Saturday, May 16, 2015

High Stakes Rivalry In Skies Above S China Sea, UN Urges New Israeli Government To Scrap Settlement Plans




U.S., China set For High-Stakes Rivalry In Skies Above South China Sea




When the U.S. navy sent a littoral combat ship on its first patrol of the disputed Spratly islands in the South China Sea during the past week, it was watching the skies as well.
The USS Fort Worth, one of the most modern ships in the U.S. navy, dispatched a reconnaissance drone and a Seahawk helicopter to patrol the airspace, according to a little-noticed statement on the navy's website.
While the navy didn't mention China's rapid land reclamation in the Spratlys, the ship's actions were a demonstration of U.S. capabilities in the event Beijing declares an Air Defence Identification Zone (ADIZ) in the area - a move experts and some U.S. military officials see as increasingly likely.
"It's not inevitable but if we are betting paychecks I'll bet that they will eventually declare one, I just don't know when," said a senior U.S. commander familiar with the situation in Asia.
ADIZs are not governed by formal treaties or laws but are used by some nations to extend control beyond national borders, requiring civilian and military aircraft to identify themselves or face possible military interception.
"It's not inevitable but if we are betting paychecks I'll bet that they will eventually declare one, I just don't know when," said a senior U.S. commander familiar with the situation in Asia.
ADIZs are not governed by formal treaties or laws but are used by some nations to extend control beyond national borders, requiring civilian and military aircraft to identify themselves or face possible military interception.

China sparked condemnation from the United States and Japan when it imposed an ADIZ in the East China Sea, above uninhabited islands disputed with Tokyo, in late 2013.
Chinese military facilities now under construction on Fiery Cross Reef in the Spratlys, including a 3,000-metre (10,000-foot) runway and airborne early warning radars, could be operational by the year-end, said the U.S. commander, who declined to be identified.
Recent satellite images also show reclamation work on Subi Reef creating landmasses that, if joined together, could make space for a similar sized airstrip.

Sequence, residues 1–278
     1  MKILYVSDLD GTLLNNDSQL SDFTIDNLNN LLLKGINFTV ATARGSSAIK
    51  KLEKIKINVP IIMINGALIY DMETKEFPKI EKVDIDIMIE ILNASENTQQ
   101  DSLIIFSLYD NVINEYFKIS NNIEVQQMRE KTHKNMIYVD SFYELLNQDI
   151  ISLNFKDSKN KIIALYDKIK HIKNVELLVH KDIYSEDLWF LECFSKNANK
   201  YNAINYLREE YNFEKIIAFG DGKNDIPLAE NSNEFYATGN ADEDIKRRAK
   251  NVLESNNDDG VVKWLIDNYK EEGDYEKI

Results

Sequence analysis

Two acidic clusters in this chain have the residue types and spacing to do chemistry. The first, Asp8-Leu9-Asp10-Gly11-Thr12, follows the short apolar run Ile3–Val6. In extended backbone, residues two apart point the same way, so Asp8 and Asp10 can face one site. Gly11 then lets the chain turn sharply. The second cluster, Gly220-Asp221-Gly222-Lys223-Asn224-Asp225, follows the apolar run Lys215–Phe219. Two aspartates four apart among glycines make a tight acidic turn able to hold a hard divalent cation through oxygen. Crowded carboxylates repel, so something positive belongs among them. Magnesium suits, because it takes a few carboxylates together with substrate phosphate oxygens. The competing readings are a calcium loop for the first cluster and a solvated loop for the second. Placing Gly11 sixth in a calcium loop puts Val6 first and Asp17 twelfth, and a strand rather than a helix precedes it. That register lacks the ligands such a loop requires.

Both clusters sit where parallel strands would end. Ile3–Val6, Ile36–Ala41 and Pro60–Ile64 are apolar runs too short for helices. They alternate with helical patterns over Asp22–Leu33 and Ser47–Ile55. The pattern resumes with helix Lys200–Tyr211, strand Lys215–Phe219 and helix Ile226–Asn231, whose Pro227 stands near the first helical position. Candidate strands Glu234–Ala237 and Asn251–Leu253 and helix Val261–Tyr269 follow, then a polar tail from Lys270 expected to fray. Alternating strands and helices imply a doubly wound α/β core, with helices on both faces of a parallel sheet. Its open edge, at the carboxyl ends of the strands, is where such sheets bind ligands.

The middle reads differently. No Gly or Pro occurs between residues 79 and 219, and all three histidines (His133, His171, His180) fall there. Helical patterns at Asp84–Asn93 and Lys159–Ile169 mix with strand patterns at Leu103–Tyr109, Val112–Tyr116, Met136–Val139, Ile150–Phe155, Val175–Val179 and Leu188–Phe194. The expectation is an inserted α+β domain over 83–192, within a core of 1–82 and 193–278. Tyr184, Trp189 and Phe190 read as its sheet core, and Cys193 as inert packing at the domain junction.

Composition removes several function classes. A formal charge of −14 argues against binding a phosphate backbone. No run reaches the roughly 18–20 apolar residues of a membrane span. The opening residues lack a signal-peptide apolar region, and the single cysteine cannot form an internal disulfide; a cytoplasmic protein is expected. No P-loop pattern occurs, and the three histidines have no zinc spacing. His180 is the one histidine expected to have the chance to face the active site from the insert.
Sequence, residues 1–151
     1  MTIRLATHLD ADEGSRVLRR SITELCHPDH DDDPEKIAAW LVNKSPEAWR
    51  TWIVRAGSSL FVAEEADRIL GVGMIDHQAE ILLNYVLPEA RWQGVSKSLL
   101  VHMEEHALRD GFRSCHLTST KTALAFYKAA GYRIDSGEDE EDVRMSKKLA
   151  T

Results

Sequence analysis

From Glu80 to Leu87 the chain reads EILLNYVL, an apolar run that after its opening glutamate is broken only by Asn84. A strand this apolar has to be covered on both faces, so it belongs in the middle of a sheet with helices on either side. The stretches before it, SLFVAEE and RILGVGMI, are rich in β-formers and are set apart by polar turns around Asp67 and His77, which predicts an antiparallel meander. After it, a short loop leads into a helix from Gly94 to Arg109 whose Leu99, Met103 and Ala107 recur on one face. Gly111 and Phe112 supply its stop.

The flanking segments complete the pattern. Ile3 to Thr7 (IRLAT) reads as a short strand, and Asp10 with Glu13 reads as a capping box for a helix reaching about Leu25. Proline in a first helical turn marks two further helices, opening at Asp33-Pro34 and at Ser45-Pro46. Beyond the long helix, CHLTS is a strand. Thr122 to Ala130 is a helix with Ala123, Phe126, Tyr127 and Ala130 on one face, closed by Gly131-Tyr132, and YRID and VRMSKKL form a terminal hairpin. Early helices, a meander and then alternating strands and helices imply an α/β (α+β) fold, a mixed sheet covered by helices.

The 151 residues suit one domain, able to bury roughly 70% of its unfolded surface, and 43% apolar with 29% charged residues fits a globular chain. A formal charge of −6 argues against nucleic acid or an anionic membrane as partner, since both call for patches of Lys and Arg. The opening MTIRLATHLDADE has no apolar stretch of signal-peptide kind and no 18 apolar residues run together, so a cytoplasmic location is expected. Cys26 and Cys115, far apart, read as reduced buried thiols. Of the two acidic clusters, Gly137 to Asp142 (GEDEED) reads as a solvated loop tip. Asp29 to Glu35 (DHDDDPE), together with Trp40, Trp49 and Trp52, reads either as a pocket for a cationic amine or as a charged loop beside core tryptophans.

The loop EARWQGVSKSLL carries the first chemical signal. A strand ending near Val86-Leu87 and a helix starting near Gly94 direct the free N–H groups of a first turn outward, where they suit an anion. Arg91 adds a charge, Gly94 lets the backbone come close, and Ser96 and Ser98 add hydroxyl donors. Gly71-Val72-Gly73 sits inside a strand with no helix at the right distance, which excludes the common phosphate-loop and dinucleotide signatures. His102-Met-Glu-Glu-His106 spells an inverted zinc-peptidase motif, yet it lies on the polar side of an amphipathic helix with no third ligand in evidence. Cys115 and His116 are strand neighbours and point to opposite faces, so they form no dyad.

Growing concern in Washington that China might impose air and sea restrictions in the Spratlys once it completes work on its seven artificial islands is likely to be on the agenda when U.S. Secretary of State John Kerry meets Chinese leaders in Beijing this weekend for previously scheduled talks.



UN Secretary-General Ban Ki-moon deplored Friday the latest plans to build Jewish settlements in Palestinian territories and urged the new Israeli government to scrap the construction projects.
Ban made the appeal after the Israeli parliament late Thursday approved Prime Minister Benjamin Netanyahu’s new right-wing government.
The UN chief said he “strongly deplores the advancement of settlement activities on three occasions over the past three consecutive weeks” in the West Bank and in East Jerusalem.
He pressed the “government of Israel to halt and reverse such decisions in the interest of peace and a just final status agreement.”

The United Nations has repeatedly called on Israel to halt the construction of Jewish settlements on Palestinian land, which it has branded as illegal and a move to erase the prospect of a Palestinian state.

“The international community will not recognize unilateral actions on the ground and that the status of Jerusalem can only be resolved through negotiations,” Ban said in a statement.
Robert Serry, then the outgoing UN envoy for the Middle East, told the UN Security Council in March that the settlements were threatening to “kill the very possibility of reaching peace.”
Serry, who has since been replaced by Bulgarian diplomat Nickolay Mladenov, said he did not “know if it is already too late.”



No comments: